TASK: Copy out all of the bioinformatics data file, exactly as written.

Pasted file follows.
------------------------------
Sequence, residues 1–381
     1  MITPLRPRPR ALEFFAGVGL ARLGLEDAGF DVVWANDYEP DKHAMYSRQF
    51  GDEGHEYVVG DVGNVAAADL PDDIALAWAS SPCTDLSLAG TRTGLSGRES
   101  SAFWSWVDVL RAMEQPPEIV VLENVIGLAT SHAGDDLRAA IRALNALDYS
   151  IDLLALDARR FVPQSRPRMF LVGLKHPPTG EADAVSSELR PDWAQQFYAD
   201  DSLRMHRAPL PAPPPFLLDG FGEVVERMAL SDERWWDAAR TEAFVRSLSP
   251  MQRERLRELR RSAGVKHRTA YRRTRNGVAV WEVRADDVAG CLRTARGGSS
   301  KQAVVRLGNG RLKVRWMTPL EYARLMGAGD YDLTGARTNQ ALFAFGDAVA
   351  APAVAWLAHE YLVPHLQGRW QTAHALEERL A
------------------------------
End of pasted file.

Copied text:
Sequence, residues 1–381
     1  MITPLRPRPR ALEFFAGVGL ARLGLEDAGF DVVWANDYEP DKHAMYSRQF
    51  GDEGHEYVVG DVGNVAAADL PDDIALAWAS SPCTDLSLAG TRTGLSGRES
   101  SAFWSWVDVL RAMEQPPEIV VLENVIGLAT SHAGDDLRAA IRALNALDYS
   151  IDLLALDARR FVPQSRPRMF LVGLKHPPTG EADAVSSELR PDWAQQFYAD
   201  DSLRMHRAPL PAPPPFLLDG FGEVVERMAL SDERWWDAAR TEAFVRSLSP
   251  MQRERLRELR RSAGVKHRTA YRRTRNGVAV WEVRADDVAG CLRTARGGSS
   301  KQAVVRLGNG RLKVRWMTPL EYARLMGAGD YDLTGARTNQ ALFAFGDAVA
   351  APAVAWLAHE YLVPHLQGRW QTAHALEERL A